The situation with running times is similar. Given two positive functions $f,g$, we say that $f = O(g)$ if $f(n) \leq Cg(n)$ for some $C > 0$ (independent of $n$), that $f = \Omega(g)$ if $f(n) \geq cg(n)$ for some $c > 0$, and that $f = \Theta(G)$ if $f = O(g)$ and $f = \Omega(g)$. For example $2n = O(n)$ since $2n \leq 2 \cdot n$ and $2n = \Omega(n)$ since $2n \geq n$, and so $2n = \Theta(n)$. It is also the case that $2n = O(n^2)$ since $2n \leq 2\cdot n^2$.

For numbers we have the important property of transitivity: $x \leq y \leq z$ implies $x \leq z$. The same relation holds for functions: if $f = O(g)$ and $g = O(h)$ then $f = O(h)$; indeed, if $f \leq C_1 g$ and $g \leq C_2 h$ then $f \leq C_1C_2 h$. The running time of merge sort $T(n)$ is $\Theta(n\log n)$, and $n\log n = O(n^2)$, and so $T(n) = O(n^2)$, but $T(n)$ is not $\Omega(n^2)$ and so $T(n)$ is not $\Theta(n^2)$. The class $\Theta(n\log n)$ is a tight bound on $T(n)$; $O(n^2)$ is an upper bound which is not tight.

• Does this mean that the worst possible running time for mergesort is O(nlogn) but the possible running time for mergesort is O(infinity) ?? – Computernerd Mar 16 '14 at 12:58
• Not at all. The running time $T(n)$ of mergesort is bounded by $cn\log n \leq T(n) \leq Cn\log n$ for some constants $0<c<C$. – Yuval Filmus Mar 16 '14 at 15:00

Intuitively, $f=\cal O(g)$ means that $f$ grows no faster than $g$. Clearly, $n \log n$ grows no faster than $n^2$ and we can write $n \log n = \cal O(n^2)$. Symmetrically, $f=\cal \Omega(g)$ means that $f$ grows at least as fast as $g$. $n \log n$ does not grow at least as fast as $n^2$ so we have the inequality $n \log n \neq \cal \Omega (n^2)$. When $f$ grows no faster than $g$ and at least as fast as $g$, it makes sense to say that $f$ grows as fast as $g$; write $f=\cal \Theta(g)$.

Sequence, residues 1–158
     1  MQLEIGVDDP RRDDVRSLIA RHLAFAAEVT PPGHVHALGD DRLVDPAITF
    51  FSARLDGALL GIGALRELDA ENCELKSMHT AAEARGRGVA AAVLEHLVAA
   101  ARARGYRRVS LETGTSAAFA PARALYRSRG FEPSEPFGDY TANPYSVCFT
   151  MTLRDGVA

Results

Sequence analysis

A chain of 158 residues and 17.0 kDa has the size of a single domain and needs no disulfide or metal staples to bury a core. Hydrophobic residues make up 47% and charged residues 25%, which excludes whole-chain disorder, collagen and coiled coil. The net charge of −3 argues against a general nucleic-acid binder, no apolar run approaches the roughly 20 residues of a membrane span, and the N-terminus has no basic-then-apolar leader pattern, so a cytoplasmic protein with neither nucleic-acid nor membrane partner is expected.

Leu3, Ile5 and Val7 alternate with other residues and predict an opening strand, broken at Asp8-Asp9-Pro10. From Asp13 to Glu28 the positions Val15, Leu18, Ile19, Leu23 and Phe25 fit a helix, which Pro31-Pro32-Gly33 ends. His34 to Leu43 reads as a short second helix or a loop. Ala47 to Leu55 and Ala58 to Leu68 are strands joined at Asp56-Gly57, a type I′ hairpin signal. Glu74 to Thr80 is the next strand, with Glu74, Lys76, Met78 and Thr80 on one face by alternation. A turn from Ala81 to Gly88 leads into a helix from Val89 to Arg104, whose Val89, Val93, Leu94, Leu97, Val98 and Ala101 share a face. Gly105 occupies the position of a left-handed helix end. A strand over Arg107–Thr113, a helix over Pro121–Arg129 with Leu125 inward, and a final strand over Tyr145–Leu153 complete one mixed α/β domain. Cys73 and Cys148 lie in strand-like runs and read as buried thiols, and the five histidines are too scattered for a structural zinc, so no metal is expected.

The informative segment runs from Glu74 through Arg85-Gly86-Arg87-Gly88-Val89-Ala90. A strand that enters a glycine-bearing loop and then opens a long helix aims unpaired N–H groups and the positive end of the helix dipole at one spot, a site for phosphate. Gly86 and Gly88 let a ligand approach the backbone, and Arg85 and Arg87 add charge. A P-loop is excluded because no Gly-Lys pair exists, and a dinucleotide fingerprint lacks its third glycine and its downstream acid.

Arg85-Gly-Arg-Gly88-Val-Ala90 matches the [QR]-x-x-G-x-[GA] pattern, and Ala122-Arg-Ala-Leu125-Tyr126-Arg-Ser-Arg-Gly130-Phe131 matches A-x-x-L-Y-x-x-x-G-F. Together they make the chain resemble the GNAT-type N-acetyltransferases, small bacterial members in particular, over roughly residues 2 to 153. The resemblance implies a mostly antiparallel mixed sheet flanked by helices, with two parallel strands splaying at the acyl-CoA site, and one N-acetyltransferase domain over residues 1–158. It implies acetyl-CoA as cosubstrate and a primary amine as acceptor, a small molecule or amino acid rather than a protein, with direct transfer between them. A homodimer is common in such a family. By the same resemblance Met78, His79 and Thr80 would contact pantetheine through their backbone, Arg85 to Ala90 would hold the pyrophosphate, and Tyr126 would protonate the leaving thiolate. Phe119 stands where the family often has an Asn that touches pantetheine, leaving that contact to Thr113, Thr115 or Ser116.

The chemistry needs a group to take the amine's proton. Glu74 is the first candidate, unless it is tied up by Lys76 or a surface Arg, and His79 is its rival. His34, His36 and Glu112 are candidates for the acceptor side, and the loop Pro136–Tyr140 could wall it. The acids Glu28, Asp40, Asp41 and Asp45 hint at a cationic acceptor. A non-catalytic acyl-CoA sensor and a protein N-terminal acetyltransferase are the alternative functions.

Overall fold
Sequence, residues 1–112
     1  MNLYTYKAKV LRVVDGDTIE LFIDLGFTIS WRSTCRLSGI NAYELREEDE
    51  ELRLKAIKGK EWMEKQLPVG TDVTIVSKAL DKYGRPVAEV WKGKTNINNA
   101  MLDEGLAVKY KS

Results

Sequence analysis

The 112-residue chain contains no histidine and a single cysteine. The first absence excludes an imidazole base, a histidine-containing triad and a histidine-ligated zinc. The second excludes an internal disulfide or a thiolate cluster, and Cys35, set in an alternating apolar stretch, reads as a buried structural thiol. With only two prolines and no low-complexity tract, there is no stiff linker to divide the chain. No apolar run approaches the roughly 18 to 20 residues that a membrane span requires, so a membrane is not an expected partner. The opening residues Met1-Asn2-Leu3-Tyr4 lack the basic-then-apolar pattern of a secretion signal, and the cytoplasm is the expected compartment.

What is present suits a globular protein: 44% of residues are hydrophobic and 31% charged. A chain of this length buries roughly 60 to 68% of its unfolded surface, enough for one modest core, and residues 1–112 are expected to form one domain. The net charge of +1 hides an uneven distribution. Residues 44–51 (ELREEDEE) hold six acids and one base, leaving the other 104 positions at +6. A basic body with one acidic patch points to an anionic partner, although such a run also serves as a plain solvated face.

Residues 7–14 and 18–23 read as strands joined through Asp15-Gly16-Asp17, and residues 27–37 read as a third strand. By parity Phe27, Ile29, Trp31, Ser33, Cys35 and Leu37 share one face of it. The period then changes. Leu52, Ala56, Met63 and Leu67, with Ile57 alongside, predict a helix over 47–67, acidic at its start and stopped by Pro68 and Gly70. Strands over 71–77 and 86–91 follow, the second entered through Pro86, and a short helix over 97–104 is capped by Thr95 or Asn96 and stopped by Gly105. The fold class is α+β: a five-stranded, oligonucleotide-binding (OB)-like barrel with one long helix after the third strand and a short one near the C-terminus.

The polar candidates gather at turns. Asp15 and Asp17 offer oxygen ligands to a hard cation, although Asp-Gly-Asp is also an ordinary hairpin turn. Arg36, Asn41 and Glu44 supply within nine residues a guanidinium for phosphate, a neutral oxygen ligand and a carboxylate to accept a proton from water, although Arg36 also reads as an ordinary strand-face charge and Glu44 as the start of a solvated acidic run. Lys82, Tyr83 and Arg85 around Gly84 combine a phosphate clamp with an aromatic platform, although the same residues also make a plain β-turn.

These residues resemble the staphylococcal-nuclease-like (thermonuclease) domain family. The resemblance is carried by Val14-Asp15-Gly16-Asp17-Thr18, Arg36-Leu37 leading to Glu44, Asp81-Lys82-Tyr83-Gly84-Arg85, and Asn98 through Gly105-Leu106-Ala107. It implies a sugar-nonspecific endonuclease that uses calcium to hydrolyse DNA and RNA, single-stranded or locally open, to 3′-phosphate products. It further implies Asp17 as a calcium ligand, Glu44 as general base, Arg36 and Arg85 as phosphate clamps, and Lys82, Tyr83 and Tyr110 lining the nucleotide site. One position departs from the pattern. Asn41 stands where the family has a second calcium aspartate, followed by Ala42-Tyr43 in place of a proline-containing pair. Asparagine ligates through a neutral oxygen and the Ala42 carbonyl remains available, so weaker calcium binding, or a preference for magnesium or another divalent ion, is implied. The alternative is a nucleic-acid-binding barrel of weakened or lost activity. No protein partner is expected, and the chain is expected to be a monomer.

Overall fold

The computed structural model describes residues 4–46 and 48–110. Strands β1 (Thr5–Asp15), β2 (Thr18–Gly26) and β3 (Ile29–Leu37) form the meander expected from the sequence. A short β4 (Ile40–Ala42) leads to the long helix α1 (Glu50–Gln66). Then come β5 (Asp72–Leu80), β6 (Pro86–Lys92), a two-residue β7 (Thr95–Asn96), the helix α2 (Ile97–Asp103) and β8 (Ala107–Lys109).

To answer your question, notice that grows no faster than is transitive. For numbers $x,y,z$ we all know that if $x\lt y$ and $y\lt z$ then this implies that $x\lt z$. Now for functions $f,g,h$, we have that if $f=\cal O(g)$ and $g=\cal O(h)$ then this implies that $f=\cal (h)$. Let $f=\cal O(n\log n)$. Since $n \log n = \cal O(n^2)$, we have that $f = \cal O(n^2)$.

This should hopefully help you better understand Big O notation. You can prove transitivity of $\cal O$ using the formal definition:

For functions $f,g$, we say that $f$ is Big O of $g$ (write $f=\cal O(g)$) if there exist constants $n_0,c \gt 0$ such that $f\le c\times g$ whenever $n\ge n_0$.

This means that starting at some point along the $x$ axis (we call it $n_0$) the function $f$ is always bounded above by a constant multiple of $g$.

I do not find any contradiction between your (said) understanding and the answer from StackOverflow you posted. It seems your problem is at the level of your understanding of upper bound and lower bound.

In this context of algorithm complexity, upper bound means cannot be asymptotically worse than. As such all algorithms are $O(\infty)$. Lower bound means cannot be asymptotically better than. As such all algorithms are $\Omega(0)$.

However for those algorithms for which there exists an $O(f(n))$ and an $\Omega(f(n))$, where $f(n)$ is some function of $n$, there also exists a $\Theta(f(n))$. So we notice that of the three only $\Theta$ is unique.